Just like in Gene Roddenberry’s “Star Trek,” where the Borg subsumed all other races with the tag line “resistance is futile,” programmable fabrics are fast becoming the inevitable way of the future; and whether we consume them underneath a more traditional full stack router or more directly using modern day programmable fabric controllers, they are set to become a part of the networking fabric.
Programmable fabrics have been predicted to revolutionize the network space for quite some time; however, we’re now seeing several key drivers that point to this technology becoming a reality sooner rather than later.
There are four major use cases:
- Next Generation Network Fabric: providing a traffic engineered, multi-tenanted and scalable network fabric that doesn’t suffer from the problems with today’s mixed overlay/underlay fabrics.
- 5G and Edge: converging and offloading fixed and wireless services at the edge and in the process reducing latency, jitter, power and space and freeing up server cores for new edge applications.
- Telemetry & Autonomous networks: using in-band telemetry to drive more consistent and intelligent forwarding decisions in the fabric.
- Automation: enabling CI/CD pipelines to roll network changes into production more quickly, reliably and efficiently.
These drivers require a different architectural approach for the network fabric than has been required in the past. The traditional router/switch architecture running a full stack of routing protocols on each network device will be instead moved more centrally to run atop a fabric controller for that domain. They will still be interacting with other existing domains using traditional routing protocols, but allowing the above use cases within their programmable fabric domain as shown in the following diagram (note: the NG-SDN Domain is the programmable fabric):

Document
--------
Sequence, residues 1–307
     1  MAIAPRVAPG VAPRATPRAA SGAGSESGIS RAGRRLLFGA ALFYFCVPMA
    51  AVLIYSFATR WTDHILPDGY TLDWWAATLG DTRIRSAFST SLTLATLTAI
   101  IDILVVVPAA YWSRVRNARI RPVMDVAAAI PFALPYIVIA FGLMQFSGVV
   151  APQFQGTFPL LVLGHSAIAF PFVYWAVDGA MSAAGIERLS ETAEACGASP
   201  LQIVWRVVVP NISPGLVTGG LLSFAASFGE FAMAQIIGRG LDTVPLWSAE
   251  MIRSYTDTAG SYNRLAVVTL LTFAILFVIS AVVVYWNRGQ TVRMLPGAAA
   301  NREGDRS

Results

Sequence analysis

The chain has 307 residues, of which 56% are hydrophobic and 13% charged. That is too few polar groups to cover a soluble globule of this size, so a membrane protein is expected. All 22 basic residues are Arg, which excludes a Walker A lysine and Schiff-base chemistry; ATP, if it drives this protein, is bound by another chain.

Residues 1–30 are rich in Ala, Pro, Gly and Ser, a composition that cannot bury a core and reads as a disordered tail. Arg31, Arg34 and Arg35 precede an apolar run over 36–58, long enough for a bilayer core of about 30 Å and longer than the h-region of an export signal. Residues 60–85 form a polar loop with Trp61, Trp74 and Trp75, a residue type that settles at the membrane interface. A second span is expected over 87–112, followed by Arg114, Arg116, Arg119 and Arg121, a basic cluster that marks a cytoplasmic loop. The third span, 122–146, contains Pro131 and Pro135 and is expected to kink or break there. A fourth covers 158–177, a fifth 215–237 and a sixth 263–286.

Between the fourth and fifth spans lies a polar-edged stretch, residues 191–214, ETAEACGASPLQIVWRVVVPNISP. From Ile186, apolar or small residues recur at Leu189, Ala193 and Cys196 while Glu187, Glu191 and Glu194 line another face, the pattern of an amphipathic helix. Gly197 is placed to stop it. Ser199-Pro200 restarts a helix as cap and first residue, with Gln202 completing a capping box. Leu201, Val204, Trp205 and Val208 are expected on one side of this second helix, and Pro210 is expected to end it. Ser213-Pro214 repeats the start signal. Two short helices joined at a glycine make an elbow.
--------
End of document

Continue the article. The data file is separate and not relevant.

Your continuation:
While these programmable fabric domains may initially be introduced into smaller areas of the telecommunication provider’s network like the access or edge networks, over time they’ll likely be joined, and we may see a hierarchy of controllers used to control the end to end network similar to Google’s global SDN networks.
What is a “Programmable Fabric”?
A “Programmable Fabric” is the next generation of the Software Defined Network (i.e. ONF’s NG-SDN) in that it allows programmability all the way down to the forwarding pipeline. This programmability can then be used by network functions, allowing them to be fully disaggregated and virtualized and truly defined in software to deploy where and as needed in the network. Programmable Fabrics are the inevitable next step in the next generation of networks.
Dell Technologies is helping our Telecommunication Service Providers in the following ways:
- More cost efficient: Use of merchant silicon with strategic vendor support will help manage costs while scaling the network.
- More Open: An open and standards-based solution will allow the service provider to take advantage of industry innovations more easily while ensuring no vendor lock-in and will be key to driving down costs in the network.
- Multi-tenanted: The ability to define multiple different virtual networks in software on the same physical network for the purposes of multiple tenants or applications while keeping all the other characteristics required by a service provider (i.e. traffic engineering and telemetry).
- Traffic engineered: The ability to allow tenants or applications to signal priority and resourcing to the network and have the network provide that service (i.e. bandwidth, latency, jitter, specified path, redundancy characteristics).
- Telemetry: In-band telemetry that allows real time recording of packet metrics (i.e. latency, jitter, drops) on a per session basis is key to the operational support of the solution.
- Intelligent Control Loop Feedback: Machine learning can be applied to the telemetry being received from the network to provide intelligent control loop feedback to prevent or repair network failures and ensure the network is being operated correctly and efficiently.
- Continuous Integration and Continuous Deployment (CI/CD): Will be key to allowing service providers to integrate changes more easily and quickly into the network, allowing full operational readiness tests to be carried out before changes are deployed into a production network.
- Network Function offload: The ability to offload the user plane portion of network functions into the programmable fabric (BNG for fixed or UPF for wireless subscriber termination are examples of network functions that could be offloaded into the programmable fabric).
Dell Technologies is committed to helping our Telecommunication customers build the fastest, most reliable network while ensuring they are seeing a return on their investment.